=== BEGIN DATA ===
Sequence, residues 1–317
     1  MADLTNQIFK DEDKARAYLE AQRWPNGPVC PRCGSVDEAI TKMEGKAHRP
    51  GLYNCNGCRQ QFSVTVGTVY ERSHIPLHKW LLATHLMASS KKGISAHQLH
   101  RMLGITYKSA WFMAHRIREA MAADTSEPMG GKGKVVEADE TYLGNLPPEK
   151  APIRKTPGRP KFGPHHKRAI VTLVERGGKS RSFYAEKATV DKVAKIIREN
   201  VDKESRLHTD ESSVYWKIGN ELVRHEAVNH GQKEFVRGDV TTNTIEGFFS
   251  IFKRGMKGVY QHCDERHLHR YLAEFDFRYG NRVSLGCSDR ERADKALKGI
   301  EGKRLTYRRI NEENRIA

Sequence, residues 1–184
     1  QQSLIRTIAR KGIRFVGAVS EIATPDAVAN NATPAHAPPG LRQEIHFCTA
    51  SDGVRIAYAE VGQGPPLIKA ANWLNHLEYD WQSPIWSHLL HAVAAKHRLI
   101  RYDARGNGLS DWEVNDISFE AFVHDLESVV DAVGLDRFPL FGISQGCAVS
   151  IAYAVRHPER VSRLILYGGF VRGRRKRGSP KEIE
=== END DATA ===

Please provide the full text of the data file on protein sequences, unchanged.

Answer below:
Sequence, residues 1–317
     1  MADLTNQIFK DEDKARAYLE AQRWPNGPVC PRCGSVDEAI TKMEGKAHRP
    51  GLYNCNGCRQ QFSVTVGTVY ERSHIPLHKW LLATHLMASS KKGISAHQLH
   101  RMLGITYKSA WFMAHRIREA MAADTSEPMG GKGKVVEADE TYLGNLPPEK
   151  APIRKTPGRP KFGPHHKRAI VTLVERGGKS RSFYAEKATV DKVAKIIREN
   201  VDKESRLHTD ESSVYWKIGN ELVRHEAVNH GQKEFVRGDV TTNTIEGFFS
   251  IFKRGMKGVY QHCDERHLHR YLAEFDFRYG NRVSLGCSDR ERADKALKGI
   301  EGKRLTYRRI NEENRIA

Sequence, residues 1–184
     1  QQSLIRTIAR KGIRFVGAVS EIATPDAVAN NATPAHAPPG LRQEIHFCTA
    51  SDGVRIAYAE VGQGPPLIKA ANWLNHLEYD WQSPIWSHLL HAVAAKHRLI
   101  RYDARGNGLS DWEVNDISFE AFVHDLESVV DAVGLDRFPL FGISQGCAVS
   151  IAYAVRHPER VSRLILYGGF VRGRRKRGSP KEIE